The discussion below has been excerpted from: Tales of an Old Sea Port by Wilfred Harold Munro. Princeton University Press: 1917
The burning of the Gaspee took place on June 20, 1772. The only "lyric" to commemorate the affair came from the pen of Captain Thomas Swan of Bristol, one of those who took part in it. His effusion has never appeared in any history of American literature, for good and sufficient reasons, but it is printed in full in Munro's History of Bristol.
In January 1881, Bishop Smith of Kentucky, born in Bristol in 1794 and a graduate of Brown in 1816, wrote to me calling my attention to a slight difference between the "Swan Song", as I had given it in my History of Bristol, and a version pasted upon the back of a portrait of Thomas Swan's father by Thomas Swan himself. Captain Swan was Bishop Smith's uncle. The Bishop wrote, "I should not have troubled you on so inconsiderable point had not the tradition in our family been that the Bristol boat was manned by men in the disguise of Narragansett Indians."When Bishop Smith penned these lines several men were living in Bristol who had heard the story from Captain Swan's own lips. He delighted in telling it and was accustomed to give the names of Bristol participants. Those names have unhappily escaped the memory of his auditors.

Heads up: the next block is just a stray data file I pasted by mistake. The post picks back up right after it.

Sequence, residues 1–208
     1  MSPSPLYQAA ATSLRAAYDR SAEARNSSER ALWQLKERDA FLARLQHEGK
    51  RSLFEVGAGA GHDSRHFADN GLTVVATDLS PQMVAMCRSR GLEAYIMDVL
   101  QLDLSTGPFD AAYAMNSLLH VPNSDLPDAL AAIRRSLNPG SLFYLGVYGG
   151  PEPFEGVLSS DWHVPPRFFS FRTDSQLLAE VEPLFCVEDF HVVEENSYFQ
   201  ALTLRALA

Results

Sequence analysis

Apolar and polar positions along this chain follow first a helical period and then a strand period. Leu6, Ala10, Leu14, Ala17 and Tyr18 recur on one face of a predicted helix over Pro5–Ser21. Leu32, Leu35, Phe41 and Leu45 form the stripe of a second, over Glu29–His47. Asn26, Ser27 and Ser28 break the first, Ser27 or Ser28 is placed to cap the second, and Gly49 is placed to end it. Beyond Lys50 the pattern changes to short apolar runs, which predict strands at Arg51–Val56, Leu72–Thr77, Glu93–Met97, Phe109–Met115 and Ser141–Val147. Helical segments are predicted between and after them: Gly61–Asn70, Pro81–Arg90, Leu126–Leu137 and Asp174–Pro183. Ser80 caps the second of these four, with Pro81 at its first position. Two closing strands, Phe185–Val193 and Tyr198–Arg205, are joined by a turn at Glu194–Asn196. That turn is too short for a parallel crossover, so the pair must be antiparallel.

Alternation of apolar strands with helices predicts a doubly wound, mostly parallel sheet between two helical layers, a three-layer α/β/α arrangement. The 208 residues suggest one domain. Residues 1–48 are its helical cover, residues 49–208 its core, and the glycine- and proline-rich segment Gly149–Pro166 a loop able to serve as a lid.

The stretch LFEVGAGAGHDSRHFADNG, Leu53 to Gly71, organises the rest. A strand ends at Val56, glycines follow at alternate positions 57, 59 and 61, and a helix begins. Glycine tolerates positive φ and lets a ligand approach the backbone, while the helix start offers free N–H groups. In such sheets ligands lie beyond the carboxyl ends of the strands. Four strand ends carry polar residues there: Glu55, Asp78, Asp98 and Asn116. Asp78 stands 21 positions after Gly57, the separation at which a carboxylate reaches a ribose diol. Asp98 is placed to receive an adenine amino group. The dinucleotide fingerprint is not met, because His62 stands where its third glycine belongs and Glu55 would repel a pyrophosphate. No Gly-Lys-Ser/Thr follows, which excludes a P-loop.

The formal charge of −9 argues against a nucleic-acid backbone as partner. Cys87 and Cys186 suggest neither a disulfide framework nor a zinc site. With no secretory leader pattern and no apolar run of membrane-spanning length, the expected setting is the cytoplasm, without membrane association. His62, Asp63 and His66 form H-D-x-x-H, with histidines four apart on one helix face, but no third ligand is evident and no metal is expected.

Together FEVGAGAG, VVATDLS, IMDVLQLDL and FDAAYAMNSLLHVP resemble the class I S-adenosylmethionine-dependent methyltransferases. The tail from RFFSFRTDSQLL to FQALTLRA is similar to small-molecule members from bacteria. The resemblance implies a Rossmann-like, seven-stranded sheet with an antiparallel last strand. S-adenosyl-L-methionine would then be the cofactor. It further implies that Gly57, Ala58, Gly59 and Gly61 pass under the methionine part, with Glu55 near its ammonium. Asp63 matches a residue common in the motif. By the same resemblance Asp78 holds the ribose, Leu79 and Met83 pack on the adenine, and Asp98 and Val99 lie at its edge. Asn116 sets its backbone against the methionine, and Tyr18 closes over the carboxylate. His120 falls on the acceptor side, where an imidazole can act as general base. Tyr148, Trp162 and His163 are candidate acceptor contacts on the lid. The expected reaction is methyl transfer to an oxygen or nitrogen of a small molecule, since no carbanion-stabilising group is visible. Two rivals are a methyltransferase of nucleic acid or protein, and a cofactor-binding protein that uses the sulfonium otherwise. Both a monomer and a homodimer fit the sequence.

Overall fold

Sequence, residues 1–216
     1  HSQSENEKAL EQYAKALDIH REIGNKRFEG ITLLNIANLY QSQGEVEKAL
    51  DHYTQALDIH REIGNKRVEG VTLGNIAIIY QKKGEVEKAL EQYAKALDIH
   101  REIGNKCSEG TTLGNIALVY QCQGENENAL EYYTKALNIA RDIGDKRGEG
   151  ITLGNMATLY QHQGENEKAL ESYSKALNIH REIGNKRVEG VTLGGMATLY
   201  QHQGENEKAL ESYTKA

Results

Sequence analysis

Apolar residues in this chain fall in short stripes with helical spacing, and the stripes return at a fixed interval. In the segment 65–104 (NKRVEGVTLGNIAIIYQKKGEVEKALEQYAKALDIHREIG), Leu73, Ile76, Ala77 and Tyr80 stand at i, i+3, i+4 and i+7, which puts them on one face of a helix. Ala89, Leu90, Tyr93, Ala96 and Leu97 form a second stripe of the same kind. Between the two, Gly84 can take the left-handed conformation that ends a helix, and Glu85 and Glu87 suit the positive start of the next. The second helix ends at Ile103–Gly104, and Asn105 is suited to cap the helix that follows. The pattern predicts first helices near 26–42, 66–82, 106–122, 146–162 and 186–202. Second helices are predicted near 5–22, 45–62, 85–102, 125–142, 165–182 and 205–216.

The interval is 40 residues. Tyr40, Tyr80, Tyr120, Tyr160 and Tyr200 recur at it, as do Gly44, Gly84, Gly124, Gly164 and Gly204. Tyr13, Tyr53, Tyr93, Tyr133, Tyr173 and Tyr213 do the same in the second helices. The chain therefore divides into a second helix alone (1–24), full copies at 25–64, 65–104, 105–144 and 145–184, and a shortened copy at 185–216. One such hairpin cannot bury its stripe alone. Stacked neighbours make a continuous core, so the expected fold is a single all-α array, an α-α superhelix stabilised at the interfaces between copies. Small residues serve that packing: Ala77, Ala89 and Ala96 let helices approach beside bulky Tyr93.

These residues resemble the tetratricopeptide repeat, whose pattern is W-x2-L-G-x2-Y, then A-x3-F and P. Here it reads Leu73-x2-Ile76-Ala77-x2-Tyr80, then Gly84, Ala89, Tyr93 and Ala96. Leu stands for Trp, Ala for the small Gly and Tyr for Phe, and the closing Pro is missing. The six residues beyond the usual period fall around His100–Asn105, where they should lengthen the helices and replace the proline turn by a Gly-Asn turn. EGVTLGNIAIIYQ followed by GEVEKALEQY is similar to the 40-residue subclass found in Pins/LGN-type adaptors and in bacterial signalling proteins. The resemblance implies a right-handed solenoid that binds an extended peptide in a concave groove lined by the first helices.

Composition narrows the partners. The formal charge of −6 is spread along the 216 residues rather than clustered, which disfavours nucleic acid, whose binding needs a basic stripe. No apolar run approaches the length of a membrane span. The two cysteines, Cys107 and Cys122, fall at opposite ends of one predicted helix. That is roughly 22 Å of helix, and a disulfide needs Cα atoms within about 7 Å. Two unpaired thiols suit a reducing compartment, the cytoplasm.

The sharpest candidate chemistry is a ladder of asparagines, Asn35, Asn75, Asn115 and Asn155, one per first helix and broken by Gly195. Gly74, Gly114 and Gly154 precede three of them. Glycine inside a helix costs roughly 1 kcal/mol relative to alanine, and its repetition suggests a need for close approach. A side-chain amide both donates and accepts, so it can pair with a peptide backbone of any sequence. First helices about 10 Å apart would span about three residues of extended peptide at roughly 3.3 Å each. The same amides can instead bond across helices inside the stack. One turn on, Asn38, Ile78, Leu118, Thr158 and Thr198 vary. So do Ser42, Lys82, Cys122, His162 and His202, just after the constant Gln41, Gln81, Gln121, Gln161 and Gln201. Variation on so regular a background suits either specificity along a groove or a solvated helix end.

|From: The History of Bristol, R.I.- The Story of Mount Hope Lands. by W.H. Munro. Prov. 1860|
|The following song composed at the time of the burning of the Gaspee, is attributed to Capt. Thomas Swan, of Bristol, one of the participants in the affair:|
'Twas in the reign of George the Third,
Our public peace was much disturbed
By ships of war that came and laid
Within our ports, to stop our trade.
|Of the author of this song, Judge Staples says, in his Documentary History of the Destruction of the Gaspee; "He richly deserves the thanks, not only of his contemporaries, but of posterity; not so much for the sweet poetry of his song, as for the ballad shape in which he invested the. transaction. Undoubtedly some tune was found at the time to match it, notwithstanding the limping gait of some of the stanzas; and as it was sung in the circle of boon companions, they recalled the light of the burning Gaspee to their recollection, and hailing it as being, what subsequent events have shown it to be, the dawning light of freedom, whose mid-day effulgence now overspreads the land."|
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